Uber and Lyft just got hit with another lawsuit in California over claims the companies are skirting the state's gig worker law

  • California's labor commissioner announced Wednesday that her office is suing Uber and Lyft, claiming the companies are stealing wages from drivers by "willfully misclassifying" them as contractors instead of employees.
  • The suit alleges that Uber and Lyft have failed to pay drivers minimum wage, sick pay, unemployment, and other benefits guaranteed to employees under state law.
  • AB-5, California's hotly debated gig economy law, created stricter requirements for companies seeking to designate workers as independent contractors.
  • California's agency that oversees ride-hailing companies ruled that drivers are employees under the law, but the companies have refused to reclassify drivers, and the issue is now at the center of multiple lawsuits.
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The heated legal battle between California and ride-hail giants Uber and Lyft ratcheted up another notch this week with the state's labor commissioner announcing that she plans to take the companies to court over their classification of drivers.

Commissioner Lilia Garcia-Brower's office said in a press release Wednesday that it plans to file a lawsuit against the companies, arguing that they are "committing wage theft by willfully misclassifying drivers as independent contractors instead of employees."

In a letter to Uber and Lyft drivers alerting them to the lawsuit, Garcia-Brower's office said that it's seeking to force the companies to reclassify drivers as employees and reimburse them for wages and other benefits that they would be entitled to as employees under state law.

That list includes a wide variety of payments that Uber and Lyft have historically not paid to drivers, such as minimum wages based on time drivers spend using the app (not just driving passengers), overtime, sick pay, and business expenses.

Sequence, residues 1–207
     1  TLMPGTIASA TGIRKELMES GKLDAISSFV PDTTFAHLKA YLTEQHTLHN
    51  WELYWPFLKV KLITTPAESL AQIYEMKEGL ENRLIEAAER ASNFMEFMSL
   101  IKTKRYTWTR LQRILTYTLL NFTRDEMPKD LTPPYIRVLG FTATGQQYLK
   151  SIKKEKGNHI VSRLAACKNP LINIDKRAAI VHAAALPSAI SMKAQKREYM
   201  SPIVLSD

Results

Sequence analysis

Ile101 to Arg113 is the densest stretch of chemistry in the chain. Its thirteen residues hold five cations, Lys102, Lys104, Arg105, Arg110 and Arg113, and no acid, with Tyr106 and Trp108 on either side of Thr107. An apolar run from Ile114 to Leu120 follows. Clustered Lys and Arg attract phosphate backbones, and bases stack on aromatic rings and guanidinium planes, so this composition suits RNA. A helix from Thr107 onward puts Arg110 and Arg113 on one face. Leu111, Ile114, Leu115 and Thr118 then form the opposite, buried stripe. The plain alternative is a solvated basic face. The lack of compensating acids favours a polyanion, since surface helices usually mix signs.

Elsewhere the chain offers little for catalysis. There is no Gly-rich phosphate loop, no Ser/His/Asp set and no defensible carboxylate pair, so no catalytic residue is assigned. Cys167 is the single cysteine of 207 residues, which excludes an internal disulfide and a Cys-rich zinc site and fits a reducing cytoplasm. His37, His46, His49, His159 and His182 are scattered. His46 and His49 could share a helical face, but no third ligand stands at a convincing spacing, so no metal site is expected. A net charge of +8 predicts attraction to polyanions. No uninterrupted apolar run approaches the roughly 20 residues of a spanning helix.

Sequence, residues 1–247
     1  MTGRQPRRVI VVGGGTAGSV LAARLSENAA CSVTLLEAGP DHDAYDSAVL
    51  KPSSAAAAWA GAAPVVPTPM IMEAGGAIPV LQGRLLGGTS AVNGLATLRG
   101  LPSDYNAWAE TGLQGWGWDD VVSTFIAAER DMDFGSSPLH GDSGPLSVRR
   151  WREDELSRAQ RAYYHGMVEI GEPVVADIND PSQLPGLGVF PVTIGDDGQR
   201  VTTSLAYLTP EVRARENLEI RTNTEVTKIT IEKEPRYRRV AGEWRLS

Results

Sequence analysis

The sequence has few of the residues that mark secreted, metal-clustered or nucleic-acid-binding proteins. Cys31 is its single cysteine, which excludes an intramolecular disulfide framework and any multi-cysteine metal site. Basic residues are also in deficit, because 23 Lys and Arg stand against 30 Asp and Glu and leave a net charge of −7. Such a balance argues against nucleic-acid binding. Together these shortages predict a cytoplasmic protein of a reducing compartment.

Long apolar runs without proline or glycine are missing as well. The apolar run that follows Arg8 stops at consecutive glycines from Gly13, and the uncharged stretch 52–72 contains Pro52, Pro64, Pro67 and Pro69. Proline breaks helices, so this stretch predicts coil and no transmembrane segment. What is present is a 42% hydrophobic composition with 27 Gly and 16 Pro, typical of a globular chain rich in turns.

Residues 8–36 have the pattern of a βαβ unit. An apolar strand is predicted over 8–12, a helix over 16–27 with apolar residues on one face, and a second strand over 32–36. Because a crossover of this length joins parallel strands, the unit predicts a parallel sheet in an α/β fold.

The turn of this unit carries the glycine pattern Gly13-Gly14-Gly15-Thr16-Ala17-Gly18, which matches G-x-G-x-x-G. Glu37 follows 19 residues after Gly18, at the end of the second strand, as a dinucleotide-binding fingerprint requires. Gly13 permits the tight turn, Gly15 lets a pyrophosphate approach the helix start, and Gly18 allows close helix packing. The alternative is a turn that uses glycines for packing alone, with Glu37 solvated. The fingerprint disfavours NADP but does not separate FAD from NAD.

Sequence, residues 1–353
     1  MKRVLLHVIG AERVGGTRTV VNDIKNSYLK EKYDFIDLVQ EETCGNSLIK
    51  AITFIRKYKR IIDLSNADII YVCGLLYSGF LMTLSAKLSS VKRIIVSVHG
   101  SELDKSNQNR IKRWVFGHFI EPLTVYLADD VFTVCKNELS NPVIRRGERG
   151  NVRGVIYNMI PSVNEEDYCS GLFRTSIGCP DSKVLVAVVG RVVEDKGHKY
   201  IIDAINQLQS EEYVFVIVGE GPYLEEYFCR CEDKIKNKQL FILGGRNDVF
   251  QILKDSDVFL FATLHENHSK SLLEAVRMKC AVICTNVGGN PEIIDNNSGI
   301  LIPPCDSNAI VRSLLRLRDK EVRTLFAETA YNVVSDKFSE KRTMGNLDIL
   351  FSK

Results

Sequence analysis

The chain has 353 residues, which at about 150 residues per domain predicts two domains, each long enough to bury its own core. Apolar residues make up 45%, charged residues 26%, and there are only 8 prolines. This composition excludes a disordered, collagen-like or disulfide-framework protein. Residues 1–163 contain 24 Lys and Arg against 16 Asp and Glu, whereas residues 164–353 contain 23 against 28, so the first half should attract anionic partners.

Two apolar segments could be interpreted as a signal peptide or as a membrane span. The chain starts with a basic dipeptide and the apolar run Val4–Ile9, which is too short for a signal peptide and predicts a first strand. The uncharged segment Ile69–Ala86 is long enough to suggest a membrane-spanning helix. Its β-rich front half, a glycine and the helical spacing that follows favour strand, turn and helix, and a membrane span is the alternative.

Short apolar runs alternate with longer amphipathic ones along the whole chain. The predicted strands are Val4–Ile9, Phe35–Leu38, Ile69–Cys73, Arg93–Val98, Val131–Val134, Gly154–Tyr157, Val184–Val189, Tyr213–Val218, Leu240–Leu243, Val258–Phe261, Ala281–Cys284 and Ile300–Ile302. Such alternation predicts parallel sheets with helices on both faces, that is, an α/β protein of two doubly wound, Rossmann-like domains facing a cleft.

"The vast majority of California drivers want to work independently, and we've already made significant changes to our app to ensure that remains the case under state law," an Uber spokesperson told Business Insider, adding that the company hasn't been served with the lawsuit yet and therefore hasn't been able to review its specific claims.

A Lyft spokesperson told Business Insider: "The state labor agency has botched thousands of claims. They know they don't have the ability to process these claims, so they sent them into a legal abyss, where they know it will take years to resolve them."

California's landmark gig work law, AB-5, which went into effect this year, raised the bar companies must clear in order to consider workers as independent contractors, spurring a major battle between regulators and Uber and Lyft over whether drivers meet that bar.

California's Public Utilities Commission, the agency responsible for overseeing ride-hail companies, dealt a significant blow to the companies earlier this year when it ruled in June that drivers are considered employees under AB-5. In May, a group of attorneys general from the state — in Los Angeles, San Francisco, and San Diego — also sued Uber and Lyft over the issue.

Uber and Lyft have previously argued that AB-5 doesn't apply to them and have aggressively defended their classification of drivers by claiming that drivers prefer to work as contractors.

Unlike their employee counterparts, contractors aren't guaranteed certain benefits like as healthcare and paid sick leave, and Uber and Lyft aren't bound by certain labor regulations around minimum wage payments or required pay payroll taxes for those workers, which feed into programs like unemployment insurance.

Driver advocacy group Rideshare Drivers United, which has been rounding up driver wage theft accusations, claimed that Uber and Lyft owe more than $1.3 billion in payments to drivers in California.

The debate over what wages and benefits gig economy companies should be on the hook for (versus workers or taxpayers) has intensified in recent months as more states and cities start cracking down on companies like Uber and Lyft. Massachusetts filed a similar lawsuit last month, while New York city imposed the country's first minimum wage for ride-hail drivers and Seattle has sought to do the same.

Axel Springer, Insider Inc.’s parent company, is an investor in Uber.Exclusive FREE Report: 30 Big Tech Predictions for 2020 by Business Insider Intelligence

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